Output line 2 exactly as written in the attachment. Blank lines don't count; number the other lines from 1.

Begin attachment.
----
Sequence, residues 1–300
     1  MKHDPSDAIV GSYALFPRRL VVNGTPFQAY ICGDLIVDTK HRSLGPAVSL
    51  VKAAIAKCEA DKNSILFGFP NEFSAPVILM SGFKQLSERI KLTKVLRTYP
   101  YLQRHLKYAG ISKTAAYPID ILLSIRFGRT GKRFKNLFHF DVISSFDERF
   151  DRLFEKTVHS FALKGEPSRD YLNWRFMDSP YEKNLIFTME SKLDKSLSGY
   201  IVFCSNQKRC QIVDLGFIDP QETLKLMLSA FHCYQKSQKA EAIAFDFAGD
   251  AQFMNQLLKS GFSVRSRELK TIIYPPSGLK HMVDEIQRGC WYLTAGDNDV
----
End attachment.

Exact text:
     1  MKHDPSDAIV GSYALFPRRL VVNGTPFQAY ICGDLIVDTK HRSLGPAVSL